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Latitude: 53.5558 / 53°33'20"N
Longitude: -1.181 / 1°10'51"W
OS Eastings: 454355
OS Northings: 406887
OS Grid: SE543068
Mapcode National: GBR NW6B.32
Mapcode Global: WHDCV.TWTF
Plus Code: 9C5WHR49+8J
Entry Name: Highfields War Memorial Clock Tower
Listing Date: 24 July 2019
Source: Historic England
Source ID: 1464028
Location: Doncaster, DN6
Electoral Ward/Division: Adwick le Street & Carcroft
Built-Up Area: Adwick le Street
Traditional County: Yorkshire
Lieutenancy Area (Ceremonial County): South Yorkshire
First World War Memorial Clock Tower, 1922, with Second World War additions. The surrounding metal railings forming an enclosure around the memorial are modern and excluded from the listing.
First World War Memorial Clock Tower, 1922, with Second World War additions.
MATERIALS: ashlar and rough-hewn sandstone blocks, and red granite tablets.
DESCRIPTION: the war memorial takes the form of a four-stage, square-plan campanile clock tower; each stage is narrower than the proceeding one. The tower is 8.53m tall and it rises off a two-stepped stone base; it has a coursed rough-hewn plinth, a slightly tapering pedestal with rough-hewn quoins and ashlar block panels, an ashlar frieze that houses a clock-face with Roman numerals in the main elevation, and is crowned by an ashlar domed belfry, with a knob finial, and pierced in each elevation by a pair of round-arched sound openings. The upper three stages all have moulded cornices. The lower panel of the pedestal is decorated by an oval wreath tied with ribbons that is carved in relief. A narrow timber door in the rear of the plinth, gives access to the clock mechanism, and a red marble tablet with gilded incised lettering is set into the front elevation; it reads: TO THE GLORY OF GOD/ THIS CLOCK TOWER IS ERECTED/ TO THE SACRED MEMORY/ OF THE UNDERNAMED WHO GAVE THEIR LIVES/ IN THE SERVICE OF THEIR COUNTRY/ DURING THE GREAT WAR/ 1914 - 1919/ [32 Names]/ LEST WE FORGET. A smaller matching tablet to commemorate the fallen of the Second World War has been added at the base of the original; it reads: 1939 - 1945 WAR [13 Names].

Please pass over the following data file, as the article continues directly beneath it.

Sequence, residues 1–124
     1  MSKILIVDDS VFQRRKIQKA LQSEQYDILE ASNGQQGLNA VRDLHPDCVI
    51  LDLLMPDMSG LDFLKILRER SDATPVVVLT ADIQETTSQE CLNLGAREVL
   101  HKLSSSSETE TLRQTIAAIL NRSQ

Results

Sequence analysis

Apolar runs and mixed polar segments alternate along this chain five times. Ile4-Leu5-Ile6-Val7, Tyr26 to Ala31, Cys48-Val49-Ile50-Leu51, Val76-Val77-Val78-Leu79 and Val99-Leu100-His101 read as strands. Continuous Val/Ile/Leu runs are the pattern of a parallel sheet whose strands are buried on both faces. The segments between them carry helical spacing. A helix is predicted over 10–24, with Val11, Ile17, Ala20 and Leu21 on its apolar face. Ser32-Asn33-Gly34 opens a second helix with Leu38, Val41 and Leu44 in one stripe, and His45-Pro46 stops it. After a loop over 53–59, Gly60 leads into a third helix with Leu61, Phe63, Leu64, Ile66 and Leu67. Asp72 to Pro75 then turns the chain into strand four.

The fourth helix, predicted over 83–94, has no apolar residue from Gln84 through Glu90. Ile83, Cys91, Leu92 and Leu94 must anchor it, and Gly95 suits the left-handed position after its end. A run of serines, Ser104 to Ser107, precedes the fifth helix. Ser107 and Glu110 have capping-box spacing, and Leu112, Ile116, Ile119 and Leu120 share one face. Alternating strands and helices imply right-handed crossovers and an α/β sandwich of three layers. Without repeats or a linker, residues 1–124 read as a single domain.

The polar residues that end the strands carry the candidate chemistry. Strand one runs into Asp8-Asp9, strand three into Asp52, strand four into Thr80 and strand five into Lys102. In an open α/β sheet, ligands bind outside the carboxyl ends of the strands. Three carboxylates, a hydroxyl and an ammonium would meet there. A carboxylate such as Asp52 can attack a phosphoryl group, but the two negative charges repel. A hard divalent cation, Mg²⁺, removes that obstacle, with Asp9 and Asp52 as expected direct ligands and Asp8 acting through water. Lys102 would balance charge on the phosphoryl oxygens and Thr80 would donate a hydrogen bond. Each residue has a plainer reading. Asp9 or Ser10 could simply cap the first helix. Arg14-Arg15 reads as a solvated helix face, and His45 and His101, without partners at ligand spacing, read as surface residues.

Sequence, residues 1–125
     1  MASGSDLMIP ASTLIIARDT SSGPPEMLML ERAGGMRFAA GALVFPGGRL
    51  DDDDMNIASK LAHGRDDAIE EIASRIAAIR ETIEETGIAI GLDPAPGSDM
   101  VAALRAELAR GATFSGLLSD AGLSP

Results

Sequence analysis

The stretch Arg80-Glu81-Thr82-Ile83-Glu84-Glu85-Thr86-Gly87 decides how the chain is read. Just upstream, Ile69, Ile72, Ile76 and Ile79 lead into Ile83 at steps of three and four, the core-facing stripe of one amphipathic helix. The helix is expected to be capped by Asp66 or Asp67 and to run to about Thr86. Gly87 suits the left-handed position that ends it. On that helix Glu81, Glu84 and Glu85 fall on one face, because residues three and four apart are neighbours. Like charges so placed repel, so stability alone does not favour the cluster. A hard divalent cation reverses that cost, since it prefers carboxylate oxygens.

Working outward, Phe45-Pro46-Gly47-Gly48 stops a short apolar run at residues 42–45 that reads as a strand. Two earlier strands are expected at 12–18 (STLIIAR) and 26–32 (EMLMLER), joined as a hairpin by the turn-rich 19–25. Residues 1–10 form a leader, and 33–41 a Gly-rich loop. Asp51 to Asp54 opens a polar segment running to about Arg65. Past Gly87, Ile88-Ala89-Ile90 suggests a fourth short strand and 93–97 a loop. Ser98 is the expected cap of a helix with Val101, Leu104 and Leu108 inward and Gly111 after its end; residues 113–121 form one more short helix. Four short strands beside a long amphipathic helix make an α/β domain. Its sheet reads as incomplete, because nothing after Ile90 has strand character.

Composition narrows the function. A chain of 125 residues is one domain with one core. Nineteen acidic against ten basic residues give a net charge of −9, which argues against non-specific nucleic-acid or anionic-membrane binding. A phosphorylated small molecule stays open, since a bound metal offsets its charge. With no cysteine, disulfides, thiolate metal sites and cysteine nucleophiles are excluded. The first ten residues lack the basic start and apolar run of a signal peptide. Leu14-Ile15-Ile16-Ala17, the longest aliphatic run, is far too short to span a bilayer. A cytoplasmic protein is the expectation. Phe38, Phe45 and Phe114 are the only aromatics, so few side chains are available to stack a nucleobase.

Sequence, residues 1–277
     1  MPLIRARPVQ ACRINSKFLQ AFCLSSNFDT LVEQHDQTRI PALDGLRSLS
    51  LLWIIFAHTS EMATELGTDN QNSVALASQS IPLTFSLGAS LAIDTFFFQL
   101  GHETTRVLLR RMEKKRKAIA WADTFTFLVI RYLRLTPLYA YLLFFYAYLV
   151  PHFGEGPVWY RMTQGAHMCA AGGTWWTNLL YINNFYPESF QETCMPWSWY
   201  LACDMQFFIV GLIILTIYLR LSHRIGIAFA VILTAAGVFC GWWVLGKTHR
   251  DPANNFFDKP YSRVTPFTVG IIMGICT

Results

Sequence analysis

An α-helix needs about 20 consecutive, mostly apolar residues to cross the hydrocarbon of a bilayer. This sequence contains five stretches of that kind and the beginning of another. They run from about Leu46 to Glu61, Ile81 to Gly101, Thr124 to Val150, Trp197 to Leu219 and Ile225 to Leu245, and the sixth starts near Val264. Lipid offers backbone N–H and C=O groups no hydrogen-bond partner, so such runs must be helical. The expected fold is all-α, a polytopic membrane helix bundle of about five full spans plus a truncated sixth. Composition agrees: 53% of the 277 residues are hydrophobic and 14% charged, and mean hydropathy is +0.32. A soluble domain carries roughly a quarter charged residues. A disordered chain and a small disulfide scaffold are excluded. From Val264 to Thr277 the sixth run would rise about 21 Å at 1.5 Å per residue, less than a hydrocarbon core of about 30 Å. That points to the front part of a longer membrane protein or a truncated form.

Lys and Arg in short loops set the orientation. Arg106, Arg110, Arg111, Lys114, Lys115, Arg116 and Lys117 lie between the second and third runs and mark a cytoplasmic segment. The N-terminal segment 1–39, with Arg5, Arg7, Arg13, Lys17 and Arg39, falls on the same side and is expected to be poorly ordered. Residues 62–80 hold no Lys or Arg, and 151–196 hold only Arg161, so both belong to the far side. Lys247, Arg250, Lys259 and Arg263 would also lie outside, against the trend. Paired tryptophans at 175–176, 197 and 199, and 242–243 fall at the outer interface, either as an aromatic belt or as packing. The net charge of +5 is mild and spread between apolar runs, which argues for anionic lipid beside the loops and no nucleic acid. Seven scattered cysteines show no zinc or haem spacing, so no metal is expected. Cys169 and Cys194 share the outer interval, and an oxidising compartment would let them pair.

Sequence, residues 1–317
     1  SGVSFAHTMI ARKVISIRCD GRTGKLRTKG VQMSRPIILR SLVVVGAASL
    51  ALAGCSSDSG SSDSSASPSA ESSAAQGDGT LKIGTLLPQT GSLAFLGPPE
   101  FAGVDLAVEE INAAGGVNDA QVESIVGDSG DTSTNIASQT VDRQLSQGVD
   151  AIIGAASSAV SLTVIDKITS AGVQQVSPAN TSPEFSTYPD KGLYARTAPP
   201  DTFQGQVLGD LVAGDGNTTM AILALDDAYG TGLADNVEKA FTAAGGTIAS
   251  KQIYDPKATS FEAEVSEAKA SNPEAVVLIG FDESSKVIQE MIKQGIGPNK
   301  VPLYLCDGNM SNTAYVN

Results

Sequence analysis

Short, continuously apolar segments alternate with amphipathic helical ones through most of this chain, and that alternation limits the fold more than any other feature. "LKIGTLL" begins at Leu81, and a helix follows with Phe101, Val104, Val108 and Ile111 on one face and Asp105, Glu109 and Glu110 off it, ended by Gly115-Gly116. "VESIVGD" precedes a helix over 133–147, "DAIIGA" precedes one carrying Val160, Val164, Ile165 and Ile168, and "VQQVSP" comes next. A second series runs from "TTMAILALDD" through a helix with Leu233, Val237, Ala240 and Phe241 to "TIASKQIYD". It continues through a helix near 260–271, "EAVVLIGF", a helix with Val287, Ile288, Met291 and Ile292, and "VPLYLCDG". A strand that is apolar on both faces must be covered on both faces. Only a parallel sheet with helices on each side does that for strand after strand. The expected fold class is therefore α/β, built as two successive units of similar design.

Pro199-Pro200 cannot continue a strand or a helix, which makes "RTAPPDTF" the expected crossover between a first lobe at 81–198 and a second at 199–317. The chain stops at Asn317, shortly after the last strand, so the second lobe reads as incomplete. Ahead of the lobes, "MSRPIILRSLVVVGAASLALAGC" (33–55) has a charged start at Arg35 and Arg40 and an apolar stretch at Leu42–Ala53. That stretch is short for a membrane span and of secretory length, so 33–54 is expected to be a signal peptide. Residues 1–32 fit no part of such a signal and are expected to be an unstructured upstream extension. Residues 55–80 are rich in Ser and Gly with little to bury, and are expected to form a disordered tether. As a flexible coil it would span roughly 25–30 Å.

The aftermath of the First World War saw the biggest single wave of public commemoration ever, with tens of thousands of memorials erected across England. This was the result of both the huge impact on communities of the loss of three quarters of a million British lives, and also the official policy of not repatriating the dead, which meant that the memorials provided the main focus of the grief felt at this great loss.
One such memorial, a clock tower, was raised at Highfields as a permanent testament to the sacrifice made by 32 members of the local community who lost their lives in the First World War. The clock tower is set within a park at the entrance to Highfields village, a planned miner’s housing estate that was associated with Brodsworth Main Colliery, where it forms a focal point upon entry to the village. The funds for the memorial were raised by subscription and were aided by the directors of Brodsworth Main Colliery, who owned Highfields village. Mr R Armitage, the director of the colliery, was originally invited to unveil the war memorial clock, but he had to decline, due to contesting the election for the Central Division of Leeds. Captain J W Reynolds, of the Doncaster Branch of the Farmers Union, who served with the Lincolnshire Regiment (21st Division), stepped in at the last minute to unveil the memorial on Armistice Day 1922, after a well-attended dedication service led by Reverend D H Tarlton. Following the Second World War, the names of 13 Fallen from that conflict were also added to the memorial.
Highfields War Memorial Clock Tower, erected 1922, is listed at Grade II for the following principal reasons:
* as an eloquent witness to the tragic impact of world events on the local community, and the sacrifice it made in the two World Wars.
* a well-designed war memorial in the form of a handsome clock tower that forms a prominent village landmark;
* it is well-detailed and crafted, employing good quality materials.
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